Six characters I’ve love to have a drink with

I love characters that are so well-crafted I need to remind myself they’re fictional. All good novels have at least one such character.

If I did bump into one of these super-fictional characters at the supermarket, I’d be at a loss to know what to say. More hopefully I’d spy them at the local pub. Then I could buy them a drink and we’d easily settle into convivial chat.

Here are six characters from books I’ve read lately that I hope to run into at my local. I’d shout them their drink of choice. It’d be great craic.

A pushmi-pullyu book: The Way of All Flesh

Anyone who knows me, or this blog, knows that I’m a sucker for historical fiction. Since I picked up Alias Grace many (many) moons ago, I’ll always choose historical fiction over any other genre. So I was a warm target for The Way of All Flesh by Ambrose Parry. Set in the 1840s, it fuses the medical world of Edinburgh with a series of violent crimes against women to produce an unusual historical crime novel.

Despite many 5 star reviews, publicity for the book seems overly reliant on the kudos of its authors. ‘Ambrose Parry’ is a pseudonym for a collaboration between the renowned Scottish author Chris Brookmyre and Marisa Haetzman, a consultant anaesthetist. But does it work?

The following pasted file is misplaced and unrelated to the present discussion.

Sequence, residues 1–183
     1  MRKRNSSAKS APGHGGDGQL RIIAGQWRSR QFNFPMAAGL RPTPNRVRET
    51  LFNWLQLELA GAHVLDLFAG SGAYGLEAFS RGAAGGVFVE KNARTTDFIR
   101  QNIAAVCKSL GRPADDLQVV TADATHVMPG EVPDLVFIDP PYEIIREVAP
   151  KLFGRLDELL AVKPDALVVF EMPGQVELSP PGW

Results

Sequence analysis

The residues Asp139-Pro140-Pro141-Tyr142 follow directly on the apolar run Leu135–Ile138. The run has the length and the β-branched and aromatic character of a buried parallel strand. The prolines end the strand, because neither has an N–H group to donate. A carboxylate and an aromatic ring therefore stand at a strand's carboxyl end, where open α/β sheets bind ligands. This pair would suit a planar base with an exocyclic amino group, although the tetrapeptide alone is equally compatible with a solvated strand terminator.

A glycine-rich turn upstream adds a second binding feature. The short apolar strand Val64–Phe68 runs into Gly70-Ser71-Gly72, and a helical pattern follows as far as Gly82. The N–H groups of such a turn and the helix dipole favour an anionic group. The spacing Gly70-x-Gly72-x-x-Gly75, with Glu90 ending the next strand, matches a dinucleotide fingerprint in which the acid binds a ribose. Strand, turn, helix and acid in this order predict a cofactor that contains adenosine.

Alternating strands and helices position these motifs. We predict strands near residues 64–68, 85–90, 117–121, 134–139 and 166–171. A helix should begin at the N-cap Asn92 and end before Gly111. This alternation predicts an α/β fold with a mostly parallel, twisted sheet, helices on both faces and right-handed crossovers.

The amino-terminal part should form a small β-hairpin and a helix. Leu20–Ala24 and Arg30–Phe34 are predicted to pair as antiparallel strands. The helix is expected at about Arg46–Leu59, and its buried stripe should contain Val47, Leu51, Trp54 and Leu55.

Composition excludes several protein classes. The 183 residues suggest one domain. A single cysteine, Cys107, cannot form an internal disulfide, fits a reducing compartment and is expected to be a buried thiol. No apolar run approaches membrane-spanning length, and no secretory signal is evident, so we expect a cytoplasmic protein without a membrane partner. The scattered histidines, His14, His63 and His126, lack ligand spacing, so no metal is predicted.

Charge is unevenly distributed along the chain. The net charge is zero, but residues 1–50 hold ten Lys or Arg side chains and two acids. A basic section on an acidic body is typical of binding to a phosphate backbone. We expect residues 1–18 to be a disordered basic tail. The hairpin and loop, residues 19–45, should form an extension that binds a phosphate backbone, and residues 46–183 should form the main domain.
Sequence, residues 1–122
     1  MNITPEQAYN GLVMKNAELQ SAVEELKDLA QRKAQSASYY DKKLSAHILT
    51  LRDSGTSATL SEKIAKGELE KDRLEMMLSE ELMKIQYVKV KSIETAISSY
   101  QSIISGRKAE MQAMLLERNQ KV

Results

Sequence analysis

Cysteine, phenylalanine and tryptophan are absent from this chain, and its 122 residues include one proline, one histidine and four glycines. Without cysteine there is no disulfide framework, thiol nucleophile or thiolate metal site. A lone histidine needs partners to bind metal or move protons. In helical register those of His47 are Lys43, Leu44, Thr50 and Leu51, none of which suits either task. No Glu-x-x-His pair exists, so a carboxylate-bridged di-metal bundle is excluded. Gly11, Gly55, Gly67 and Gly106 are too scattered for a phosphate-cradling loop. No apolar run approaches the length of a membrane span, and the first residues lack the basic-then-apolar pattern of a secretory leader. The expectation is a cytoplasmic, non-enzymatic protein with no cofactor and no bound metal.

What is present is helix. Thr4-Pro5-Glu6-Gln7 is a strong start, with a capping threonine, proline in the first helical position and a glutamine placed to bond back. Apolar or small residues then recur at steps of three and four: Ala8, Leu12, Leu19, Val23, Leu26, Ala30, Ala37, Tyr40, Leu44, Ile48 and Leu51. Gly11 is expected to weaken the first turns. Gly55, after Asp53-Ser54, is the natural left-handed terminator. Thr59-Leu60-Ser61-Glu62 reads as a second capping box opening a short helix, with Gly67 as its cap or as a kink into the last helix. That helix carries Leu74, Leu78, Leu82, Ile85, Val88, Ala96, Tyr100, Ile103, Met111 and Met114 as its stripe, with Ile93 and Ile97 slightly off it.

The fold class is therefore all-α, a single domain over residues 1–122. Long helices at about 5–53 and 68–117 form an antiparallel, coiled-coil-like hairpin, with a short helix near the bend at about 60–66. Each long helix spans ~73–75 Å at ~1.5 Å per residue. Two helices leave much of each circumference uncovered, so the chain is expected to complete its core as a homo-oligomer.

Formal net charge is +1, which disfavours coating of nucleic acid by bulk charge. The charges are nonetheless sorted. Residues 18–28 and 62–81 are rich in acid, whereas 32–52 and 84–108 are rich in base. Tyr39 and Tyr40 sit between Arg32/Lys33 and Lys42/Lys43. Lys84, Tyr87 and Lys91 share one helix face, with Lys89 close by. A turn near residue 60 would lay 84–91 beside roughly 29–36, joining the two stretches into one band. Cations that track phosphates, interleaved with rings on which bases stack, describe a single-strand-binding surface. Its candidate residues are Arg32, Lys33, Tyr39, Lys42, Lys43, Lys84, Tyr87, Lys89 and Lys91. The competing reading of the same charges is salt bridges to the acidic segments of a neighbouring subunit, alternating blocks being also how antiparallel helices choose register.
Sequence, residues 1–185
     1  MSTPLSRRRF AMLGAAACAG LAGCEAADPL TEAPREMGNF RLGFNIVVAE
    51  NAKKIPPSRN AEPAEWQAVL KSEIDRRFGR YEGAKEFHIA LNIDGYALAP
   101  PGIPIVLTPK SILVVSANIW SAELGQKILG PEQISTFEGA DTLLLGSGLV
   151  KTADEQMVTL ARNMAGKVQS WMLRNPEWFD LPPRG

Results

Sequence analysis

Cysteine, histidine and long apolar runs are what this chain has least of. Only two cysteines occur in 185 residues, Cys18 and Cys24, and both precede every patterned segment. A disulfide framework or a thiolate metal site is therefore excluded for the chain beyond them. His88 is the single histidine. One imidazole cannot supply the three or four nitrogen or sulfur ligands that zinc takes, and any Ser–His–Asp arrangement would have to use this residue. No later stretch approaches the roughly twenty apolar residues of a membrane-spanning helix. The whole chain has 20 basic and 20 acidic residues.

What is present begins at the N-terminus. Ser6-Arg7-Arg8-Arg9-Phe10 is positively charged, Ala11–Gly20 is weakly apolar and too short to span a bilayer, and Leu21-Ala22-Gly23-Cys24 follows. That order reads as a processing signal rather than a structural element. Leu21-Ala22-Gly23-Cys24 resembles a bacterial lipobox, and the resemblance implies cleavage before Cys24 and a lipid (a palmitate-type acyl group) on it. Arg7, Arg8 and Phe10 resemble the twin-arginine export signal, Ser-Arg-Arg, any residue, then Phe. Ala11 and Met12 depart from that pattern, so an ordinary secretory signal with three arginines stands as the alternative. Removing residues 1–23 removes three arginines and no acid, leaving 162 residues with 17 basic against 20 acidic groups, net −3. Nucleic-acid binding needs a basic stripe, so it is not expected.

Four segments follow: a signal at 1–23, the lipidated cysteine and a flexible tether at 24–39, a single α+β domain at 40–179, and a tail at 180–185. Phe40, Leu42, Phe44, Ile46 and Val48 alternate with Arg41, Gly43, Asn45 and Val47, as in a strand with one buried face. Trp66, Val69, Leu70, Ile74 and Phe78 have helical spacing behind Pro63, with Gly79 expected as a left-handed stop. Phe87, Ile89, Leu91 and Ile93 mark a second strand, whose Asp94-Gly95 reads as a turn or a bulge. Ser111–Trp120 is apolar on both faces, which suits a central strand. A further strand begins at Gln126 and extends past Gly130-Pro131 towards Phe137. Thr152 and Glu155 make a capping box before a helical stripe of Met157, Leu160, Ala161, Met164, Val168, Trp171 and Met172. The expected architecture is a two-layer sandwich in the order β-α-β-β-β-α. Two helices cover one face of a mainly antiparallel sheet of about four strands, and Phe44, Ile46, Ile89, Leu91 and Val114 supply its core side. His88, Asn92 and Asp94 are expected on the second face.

Ambitious and Astonishing: Homegoing

Yaa Gyasi’s Homegoing is hugely ambitious in every way a book can be – it tackles the history of the slave trade, the story stretches across 400 years, it alternates its setting between two continents and has a different central character for each chapter. Given this scale of ambition, the book doesn’t always hit its mark, however it is a powerful, haunting read that will stay with me for years.

Finding the truth in unlikely places: The Truthseeker

Heidi Catherine has done it again! The Truthseeker, her second book in The Soulweaver series, continues to explore the realm of kindred spirits and how love can endure, and even blossom over time. From the opening chapter The Truthseeker, I was captivated by the relatable characters, the hugely imaginative settings and the pivotal notion that love can transcend time and place.

In my chat with Heidi, we talk about the toils of creative writing, how it feels to kill off your characters and what it’s like to have “made it” as an author.